Carol Brzozowski 2017-09-20 13:23:17
Long before President Donald Trump’s decision to pull the United States out of the Paris Climate Agreement, mayors across the country began pulling together to sign an important initiative: the Sierra Club’s Mayors for 100 Percent Clean Energy. Launched in January 2016, the initiative seeks to engage and recruit mayors to endorse a goal of transitioning to 100% renewable energy in cities nationwide. By mid-June, some 92 cities joined the effort and many have set target dates. “Local leadership on climate and clean energy has taken on new urgency following Trump’s decision on the Paris Climate Agreement, and mayors are responding to the challenge,” notes Shane Levy, senior press secretary for the Sierra Club’s Ready for 100 program. Perhaps the most notable response followed President Trump’s mention of the city of Pittsburgh in his remarks announcing his decision to withdraw from the Paris agreement when Pittsburgh Mayor Bill Peduto announced his support for powering all of Pittsburgh entirely with renewable energy. That same day, Portland, OR, and Multnomah County, OR, both approved commitments to move to 100% clean energy, says Levy, adding that Multnomah was the first county in the country to make that commitment. Each US city is dealing with its unique set of challenges. In Florida, Miami Beach is one of many along the coast endangered by threats of climate change such as rising sea levels. Its mayor, Philip Levine, issued a proclamation endorsing a goal of powering the city entirely with clean and renewable energy and is a national co-chair of the Sierra Club’s Mayors for 100 Percent Clean Energy initiative along with Jackie Biskupski of Salt Lake City; Kevin Faulconer, San Diego; and Stephen K. Benjamin of Columbia, SC. Salt Lake City, UT In Salt Lake City, Mayor Biskupski says she’s “promised to foster hope, ensure equity, and create opportunity for everyone. Climate change threatens our city’s well-being, so taking action on renewable energy not only helps us in the long-term, it benefits our community now,” she adds. “We can capitalize on this opportunity to generate economic growth and protect our environment at the same time.” Biskupski points out that US municipalities are “feeling the effects of climate change, but can also make a significant difference.” Cities collectively account for a majority of humanity’s greenhouse gas (GHG) emissions, she says. “Add this to the fact that as a planet we have just a few decades to cut greenhouse gases dramatically and it’s clear that we must set bold goals and lay out the plans to achieve them,” says Biskupski. “Due to the long life of infrastructure, every decision we make from now forward will directly enable or prevent this. Policies at the national and international level are uncertain. That’s why emissions reductions at the local level are so critical.” Biskupski says that while cities are collectively contributing to GHG challenges, they also are acting through the Sierra Club’s initiative to collectively mitigate them. “In Salt Lake City, we’ve not only set bold goals, we’ve been successful in partnering with our utility to enact them,” she says. “It’s an example that I hope will inspire and motivate more mayors around the country to replicate.” Salt Lake City’s Climate Positive Report lays out its “big-picture plans” toward achieving the 100% clean electricity by 2032 goal and the 80% GHG reduction by 2040 goal. In its plan to achieve 100% renewable energy by 2032, Salt Lake City seeks 100% renewable energy for community electricity supply and 50% renewable electricity for municipal operations by 2020. In its GHG reduction plan, the city aspires to an 80% reduction in community greenhouse gas emissions by 2040 compared to a 2009 baseline and at least 50% reduction in community footprint by 2030. The City signed a cooperation statement and new franchise agreement last year with its utility, Rocky Mountain Power, laying out goals to work cooperatively to achieve the 100% clean electricity vision. Each year, the City and utility jointly publish a Clean Energy Implementation Plan. The exact mix of renewable energy produced in-state and at a reasonable cost is currently being studied in the partnership between the City and utility. The City also has partnered with Utah’s Summit County and Park City on a joint feasibility study to provide an independent analysis identifying pathways toward each community’s 100% goals. Greensburg, KS An EF5 tornado that ripped through Greensburg, KS, on May 4, 2007—destroying 95% of the city and killing 11 people—was the start of a thought process on how to harness that wind for energy, notes Mayor Bob Dixson, who signed on to the Sierra Club initiative. Today, Greensburg is 100% renewable 100% of the time as all of the electricity used in the city is derived from wind energy. “Not only do we want to build the community back to be sustainable for lifetimes, but with the very wind that blew us away. The question was, how we could harness that wind like our pioneering ancestors did,” says Dixson. “They utilized wind, solar, and geothermal and were the original green people in their own way.” Greensburg provides electric, water, sewer, and trash through its own utility. City officials started crunching numbers with the help of the Idaho National Laboratory to determine whether it would be beneficial to own, sell, or lease wind power, Dixson says. Meanwhile, John Deere Renewables—which has since been acquired by Exelon—had 10 turbines in stock and developed a wind farm for Greensburg. “They had a power purchase agreement with us so that we can take the electricity from the wind farm; and then we have the renewable energy credits [RECs] to certify that all of our consumption comes from the wind farm,” says Dixson. “By doing that, we have a constant, consistent load management period through the grid instead of being direct-wired to the wind farm.” That benefits business and residential customers in the city, he adds. “We’ve been able to keep rates at the same level that they were at during the time of the tornado,” says Dixson. “The thought process was: how can we do this, still be good environmental stewards and take care of the resources we’ve been blessed with, but at the same time be financially sustainable? “We all want to take care of our environment and leave a legacy for future generations. But there is a lot of debate out there on how that is achieved and we have to make sure we get past the ‘feel good’ process. Yes, this is the right thing to do, but also hand in hand with that, we’ve got to make a business case for it. “It’s like a three-legged stool: if you focus on just one or two legs of the stool, the stool falls over. It’s the old triple bottom-line thinking that we have to have people, we have to have commerce and business, but yet we need to be environmental stewards. When you balance all of that, good things will happen, but if you focus on only one or two of those, you’re not accomplishing what you want in the long term.” Portland, ME Mayor Ethan Strimling of Portland, ME, is on board with the Mayors for 100 Percent Clean Energy program as well. Every 10 years, the City creates a comprehensive plan that looks 10 years out to what type of policies are necessary to achieve goals for the city. “In the end, none of that matters if we don’t get climate change right,” notes Strimling, adding that initiatives such as the Mayors for 100 Percent Clean Energy help to achieve that. “We are working in every aspect of government right now to determine whether it’s our impact on the private sector or our own carbon footprint how we can best confront these coming changes,” he adds. The City’s goal is to achieve 100% clean energy in all municipal operations by 2040. Toward that end, the City has installed one of the largest solar arrays in the state to power city hall. A plan is in place that businesses of certain sizes have to benchmark their carbon footprint and “hopefully will take steps to reduce their impact on the climate,” notes Strimling, adding his goal is to get 25% participation from businesses and residents. In an effort to choose from among the various technologies on the market, Portland City officials enlisted the help of experts. “When we built the solar array, we went to ReVision Energy, one of the leaders in solar energy here, and worked with them to develop a contract through a public process,” says Strimling. Portland is rehabilitating four of its elementary schools “and we expect all four of those schools to be LEED-certified when they’re done. So as the process goes forward, anybody who’s going to bid on that project will have to have the ability and wherewithal and the expertise to make those schools LEED-certified,” points out Strimling. “We look to anybody who is bidding on our projects to understand what their familiarity is with environmental regulations and how progressive are they in trying to think about what it is we could be doing that’s ahead of the curve.” Portland Housing Authority, a quasi-governmental organization that develops housing in the city recently constructed a 45-unit passive house. “It took them a few years to be able to put the entire project together, which is affordable housing serving low-income, a lot of immigrants, and a lot of refugees. It’s an entirely passive house that doesn’t even have centralized heating because it doesn’t need it. That’s a remarkable step forward. They worked with folks in the private sector in order to make that happen.” Portland is seeking to incentivize the residential sector to pursue clean energy initiatives and there may come a time when it will be required, says Strimling, adding “we just can’t keep building buildings that are going to be under water.” The City may have to pursue ways through its planning and zoning process to shore up buildings for climate resiliency as well as reduce carbon footprint through better insulation, says Strimling. “We have to do both the carrot and the stick, although I wouldn’t say it’s a stick in the sense that we’re going to push,” he says. “We’re going to make it a requirement. I don’t think we’re going to get there simply by making this voluntary.” Santa Barbara, CA Santa Barbara, CA, recently voted to operate 100% on renewable energy by 2030. Mayor Helene Schneider joined the Sierra Club initiative. “The city of Santa Barbara has always been thinking that sustainability and environmental leadership is extremely important going back to the 1969 oil spill that prompted the environmental movement and Earth Day,” she notes. The city makes sustainability a priority in its day-to-day operations. “It’s obvious with the Trump administration leaving the Paris Agreement that cities need to step up and show leadership on their own and we can do it and just make it happen.” The foundation for achieving that is accurate measurements, says Schneider. Santa Barbara has established baselines throughout the city facilities, noting existing gaps and ascertaining what energy-efficient programs need to be in place to reduce energy consumption. For example, when the City examined lighting in all City-owned facilities, a program was established to re-open sun roofs and use better lighting fixtures in parking garages. The move has saved the City hundreds of thousands of dollars in annual electricity costs. “The easiest way to do it is to try to reduce consumption and then do what we can do to upgrade,” notes Schneider. An additional approach is sourcing partnerships for solar panel arrays, she says. The City Council is hoping to have a solar panel array constructed at its municipal airport to offset its energy use. Other initiatives the City has established include a co-generation cell converting methane gas at the wastewater treatment plant into electricity to power most of the plant’s energy needs. Santa Barbara uses LED lights in all of its traffic signals. “We’re trying to find everything we do on a day-to-day basis, look at its sustainability impact and how can we reduce our energy use,” says Schneider. In Santa Barbara, one of the challenges in doing so is drought. “We just re-commissioned our desalination plant. We still need the water,” says Schneider. “It’s very energy intensive to create desalinated waters, so we’re seeing what we can do to mitigate those energy uses.” Public-private partnerships are helping to fund the initiatives, such as one done several years ago with the motor pool. “It was an RFP process where we arranged with a private company to do the capital outlay to create the project, so we did not put funding of our own for it,” says Schneider. “We then guaranteed them payment of a certain rate for electricity use, which was less than if we were just using electricity from Southern California Edison over time. That’s how they were able to get their return on their investment.” The City also is pursuing PACE funding, helping people through their property assessments pay for upfront capital for solar arrays on their property. For water conservation efforts—especially during times of drought—the City offers financial incentives to replace a lawn with drought-resistant plants that use less water and less energy. Schneider notes that what works best for cities is when sustainability efforts become a part of day-to-day activities and not viewed as an extra. “It’s a component of getting the job done,” she says. “If you can measure it, you can see the results. You can see time and again when you implement good energy efficient projects that not only do they reduce greenhouse gas emissions and energy but save a lot of money. You can be environmentally strong and fiscally sound all at once.” Abita Springs, LA As a Republican, Mayor Greg Lemons of Abita Springs, LA, is a stand-out among the mayors signing on to the Sierra Club initiative, with the overwhelming endorsement coming from Democratic mayors. “Louisiana is an oil and gas state. That’s a finite resource. Even though they say there’s plenty of it, it’s at a cost. There’s an environmental cost, especially for fracking issues we have in Louisiana,” says Lemons, adding “we need to start moving towards alternative energy, sustainable energy.” A second driving factor for Lemons coming on board with the initiative is his belief that his town needs to start reducing energy costs, focusing on solar energy. “We have sun lots of days in the year and lots of hours in the day we have plenty of sun,” he says. “We can hopefully move towards sustainable solar energy for the town, reduce costs, and protect the environment.” Lemons says that part of the motivating force for signing on to the mayors’ initiative is an event that took place four years ago when “we had an opportunity to look into fracking here in Abita Springs. We started digging into it and all of the problems it caused, and the economic impact on the economy itself—both good and bad.” When the Sierra Club program came to his attention, Lemons says he saw it as a “good way to move forward with some kind of sustainable energy.” The City plans to reach 100% clean energy by 2030. “It’s a very aggressive goal to be 100% sustainable. I don’t know how we’re going to get there, but we’re certainly going to find out,” says Lemons. Lemons says it will likely take place as a healthy balance between the environment and the economy. “We’ve insulated town hall, we’re insulating some of the other buildings, we put energy-efficient lighting in all of our buildings,” he says. “We’re moving to solar panels on our museums and our town hall, and our public works building. We’re looking at solar panels on our lift stations and sewer systems.” The town is in the process of partnering with its energy provider, Cleco Energy, to do a pilot project of LED street lights following an inventory showing the town’s 300 street lights consume $25,000 a year in energy. The town also is working with Cleco Energy on a potential solar farm installation at an old sod farm area. Lemons aims to put solar panels on every municipal building, including its town hall, which dates to 1890, starting early next year. To help make decisions about the available technologies, Abita has industry experts on the team, as well as a Louisiana State University professor. Abita Springs also has a committee of like-minded people to advise the government about what can be done, what works, what doesn’t work, and seek financing for the projects, notes Lemons. Grants are among the funding options. “We’re a small community of only about 2,900 residents and we don’t have a big budget—about three million dollars,” says Lemons. “We are a utility producer. We do sell natural gas.” All sustainability efforts have to be within the budget and provide some return on the investment, Lemons points out. The town’s commercial entities are getting on board, such as the Abita Brewing Company, which has put solar panels on its roof. “Part of this initiative is to encourage our citizens to put solar panels on their house and show them that there are options out there that are a pretty good deal to save money and then it gets invested back into those manufacturers and we get a better product in three to five years,” says Lemons. “A lot of people make a big deal about me being a Republican and doing this,” says Lemons. “The Republican in me says we have to have business. But the environmentalist in me says we have to do what’s smart and make sure it’s sustainable. We have to develop technology. You can’t just skew it in one direction or you’re going to wind up with a faulty system. “We have to live in this world, so we have to have energy, but we also have children and grandchildren, so we need to make sure it’s sustainable and we’re not polluting the environments out there.” Lemons says the biggest challenge instituting his town’s initiatives in an oil and gas state is that there are incentives for oil and gas production but reduced incentives for solar panel installation in Louisiana because of budget constraints. “It’s the old thinking with elected officials that’s the problem,” he says. “They don’t understand we just can’t continue to go on using up a resource that won’t be there in 10 to 15 years. We also need to develop a resource that needs development.” East Lansing, MI East Lansing, MI, Mayor Mark Meadows signed on to the Sierra Club initiative, noting that the driving factor is that “clean energy is good for the environment and eventually lowers the cost of energy for the consumer. Our citizens benefit and so does everyone else.” As one of its strategic priorities, East Lansing adopted a 100% clean energy objective that aligns with that of Michigan State University, which is located in the city of East Lansing. “In the last year, East Lansing and the University has approved alternative energy installations within East Lansing borders and has worked with our major energy supplier, the Board of Water and Light (BWL), to make renewable energy available to our—and their—customers,” says Meadows, adding that the City will continue to work with BWL to expand clean energy offerings within its border. In doing so, the City does not undertake a bid process “but because the council’s priorities include clean energy we look first to that objective with regard to any purchases,” notes Meadows. “For instance, if a clean energy vehicle is available and can perform the task for which it is purchased, that is the vehicle we obtain.” The City looks at 100% clean energy for all purposes, says Meadows. Meadows says the major challenge faced in doing so in East Lansing is a lack of available locations for technology installations such as solar arrays. Additionally, “we do not produce our own electricity so we need to negotiate with BWL to purchase that portion of their renewable portfolio, which is produced by renewable sources,” he says. Job Creation Schneider concurs with other mayors that green energy initiatives drive jobs. “Innovation is a great industry and in Santa Barbara County, we have our university, a very strong entrepreneurial spirit, and issues related to sustainability,” she says. “Products and technologies might come out of that to help become more sustainable. It is a growing industry. There are twice as many people involved in the solar industry than in coal.” According to a report by The Solar Foundation, Florida alone has created more than 1,700 new jobs in the state’s solar industry in 2016, bringing the state’s total to 8,260 solar jobs—an increase of 26% from 2015 figures. Strimling says he sees the pursuit of clean energy as “a very important part of our growing economy. It’s a good job opportunity. We’re seeing more industries specialize in this. We’re also seeing a lot of businesses recognize that putting these changes in place also creates an environment where people want to work.” Strimling calls that a “win-win” for the environment and for business. “You protect the environment and in the long term, you’re creating more sustainable businesses. Its effect on the clean energy sector is growing every day. ReVision Energy is getting bigger every year, employing more people because folks are trying to shift over to clean energy.” Lemons says in President Trump’s efforts to bring jobs back to the United States, “I firmly believe that the energy sector other than oil and gas has to be part of that. We need to move forward—to have entrepreneurs come up with manufacturing jobs that produce products used in the sustainable energy markets,” he says. “The opportunity to lead is only going to be there for a certain amount of time. I feel very optimistic about the opportunity.” DE Carol Brzozowski specializes in topics related to energy and technology.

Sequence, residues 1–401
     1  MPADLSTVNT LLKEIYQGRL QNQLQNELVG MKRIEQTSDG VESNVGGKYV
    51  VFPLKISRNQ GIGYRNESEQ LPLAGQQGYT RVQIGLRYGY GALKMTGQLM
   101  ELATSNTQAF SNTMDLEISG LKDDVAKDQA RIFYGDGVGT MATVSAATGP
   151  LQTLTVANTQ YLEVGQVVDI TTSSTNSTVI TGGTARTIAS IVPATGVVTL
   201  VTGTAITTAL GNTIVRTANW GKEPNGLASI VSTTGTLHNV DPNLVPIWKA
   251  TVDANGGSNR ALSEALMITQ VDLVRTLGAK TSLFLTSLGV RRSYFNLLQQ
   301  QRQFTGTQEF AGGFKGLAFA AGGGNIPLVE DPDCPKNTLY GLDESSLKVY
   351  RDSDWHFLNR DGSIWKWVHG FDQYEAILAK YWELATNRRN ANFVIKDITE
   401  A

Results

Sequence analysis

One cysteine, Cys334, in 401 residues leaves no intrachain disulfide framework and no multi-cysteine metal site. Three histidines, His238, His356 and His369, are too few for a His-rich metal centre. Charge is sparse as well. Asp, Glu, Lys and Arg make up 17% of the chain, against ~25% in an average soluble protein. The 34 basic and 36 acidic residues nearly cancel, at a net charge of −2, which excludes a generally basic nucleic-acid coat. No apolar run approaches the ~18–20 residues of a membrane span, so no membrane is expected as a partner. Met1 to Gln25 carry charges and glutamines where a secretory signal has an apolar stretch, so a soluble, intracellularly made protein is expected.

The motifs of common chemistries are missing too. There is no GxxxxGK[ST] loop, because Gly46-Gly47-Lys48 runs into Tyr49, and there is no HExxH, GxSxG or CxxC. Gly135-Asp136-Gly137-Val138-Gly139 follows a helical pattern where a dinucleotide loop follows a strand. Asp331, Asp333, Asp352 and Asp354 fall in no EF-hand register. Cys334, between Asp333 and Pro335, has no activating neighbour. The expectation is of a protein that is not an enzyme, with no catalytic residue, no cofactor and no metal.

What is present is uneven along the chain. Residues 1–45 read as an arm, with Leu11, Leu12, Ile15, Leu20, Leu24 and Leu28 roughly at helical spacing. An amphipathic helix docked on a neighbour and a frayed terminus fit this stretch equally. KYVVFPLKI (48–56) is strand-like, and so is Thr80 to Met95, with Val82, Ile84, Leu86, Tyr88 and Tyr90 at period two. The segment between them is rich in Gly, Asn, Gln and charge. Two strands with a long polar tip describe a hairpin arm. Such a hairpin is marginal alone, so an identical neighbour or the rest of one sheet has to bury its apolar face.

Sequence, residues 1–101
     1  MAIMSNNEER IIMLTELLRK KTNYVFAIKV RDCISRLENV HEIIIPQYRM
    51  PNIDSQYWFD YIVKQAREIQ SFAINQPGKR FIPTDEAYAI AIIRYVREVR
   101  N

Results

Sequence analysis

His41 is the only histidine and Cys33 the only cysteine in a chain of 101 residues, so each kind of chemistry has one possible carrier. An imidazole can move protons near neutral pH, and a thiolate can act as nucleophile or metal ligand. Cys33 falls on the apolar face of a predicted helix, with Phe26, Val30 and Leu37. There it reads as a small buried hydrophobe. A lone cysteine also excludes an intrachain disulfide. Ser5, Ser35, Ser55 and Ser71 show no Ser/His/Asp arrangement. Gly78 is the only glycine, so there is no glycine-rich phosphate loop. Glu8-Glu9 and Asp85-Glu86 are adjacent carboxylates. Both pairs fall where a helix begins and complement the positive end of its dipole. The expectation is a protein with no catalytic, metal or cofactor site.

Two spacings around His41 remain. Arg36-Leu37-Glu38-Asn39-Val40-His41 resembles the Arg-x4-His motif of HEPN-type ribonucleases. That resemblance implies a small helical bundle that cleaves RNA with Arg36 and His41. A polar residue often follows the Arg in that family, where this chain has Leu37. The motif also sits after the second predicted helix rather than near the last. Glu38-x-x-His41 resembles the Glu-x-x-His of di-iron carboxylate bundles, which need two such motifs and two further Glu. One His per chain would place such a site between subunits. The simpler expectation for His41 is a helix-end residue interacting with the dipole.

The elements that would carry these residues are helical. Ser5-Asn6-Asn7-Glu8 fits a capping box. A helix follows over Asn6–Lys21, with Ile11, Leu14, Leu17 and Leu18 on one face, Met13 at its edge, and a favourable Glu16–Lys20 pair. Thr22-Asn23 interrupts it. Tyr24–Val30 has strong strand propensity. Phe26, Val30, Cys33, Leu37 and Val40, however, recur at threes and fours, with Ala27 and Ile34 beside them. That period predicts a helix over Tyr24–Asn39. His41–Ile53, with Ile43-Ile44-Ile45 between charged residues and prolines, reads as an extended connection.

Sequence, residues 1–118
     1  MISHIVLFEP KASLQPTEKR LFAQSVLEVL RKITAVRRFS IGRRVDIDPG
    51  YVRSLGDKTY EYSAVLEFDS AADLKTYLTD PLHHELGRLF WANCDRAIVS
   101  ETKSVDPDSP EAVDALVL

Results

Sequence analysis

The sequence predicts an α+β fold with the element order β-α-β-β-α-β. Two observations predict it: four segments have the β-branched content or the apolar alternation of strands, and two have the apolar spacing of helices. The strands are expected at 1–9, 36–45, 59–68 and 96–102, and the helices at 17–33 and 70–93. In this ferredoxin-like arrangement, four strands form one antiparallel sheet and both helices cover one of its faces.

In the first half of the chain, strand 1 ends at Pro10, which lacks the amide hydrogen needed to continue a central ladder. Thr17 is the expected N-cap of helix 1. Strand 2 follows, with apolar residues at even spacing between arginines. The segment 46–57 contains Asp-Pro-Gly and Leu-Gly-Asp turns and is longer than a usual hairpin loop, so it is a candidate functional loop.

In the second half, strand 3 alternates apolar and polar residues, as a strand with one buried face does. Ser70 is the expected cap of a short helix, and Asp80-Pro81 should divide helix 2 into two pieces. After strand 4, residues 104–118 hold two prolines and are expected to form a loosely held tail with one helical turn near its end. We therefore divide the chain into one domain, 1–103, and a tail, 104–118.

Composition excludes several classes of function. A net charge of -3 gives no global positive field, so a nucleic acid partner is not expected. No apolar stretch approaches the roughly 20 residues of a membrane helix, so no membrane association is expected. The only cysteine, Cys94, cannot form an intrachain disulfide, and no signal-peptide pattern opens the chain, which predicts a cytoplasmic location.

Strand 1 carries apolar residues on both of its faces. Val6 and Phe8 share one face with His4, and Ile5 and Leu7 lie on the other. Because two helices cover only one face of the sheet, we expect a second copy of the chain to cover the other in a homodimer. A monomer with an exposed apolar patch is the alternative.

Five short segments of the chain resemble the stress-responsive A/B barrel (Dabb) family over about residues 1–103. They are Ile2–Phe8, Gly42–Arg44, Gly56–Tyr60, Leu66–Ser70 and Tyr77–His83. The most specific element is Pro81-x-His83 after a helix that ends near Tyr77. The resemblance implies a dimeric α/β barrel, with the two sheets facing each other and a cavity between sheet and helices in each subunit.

Published by Forester Media. View All Articles.
This page can be found at http://digital.businessenergy.net/article/Clean+Energy/2883735/437671/article.html.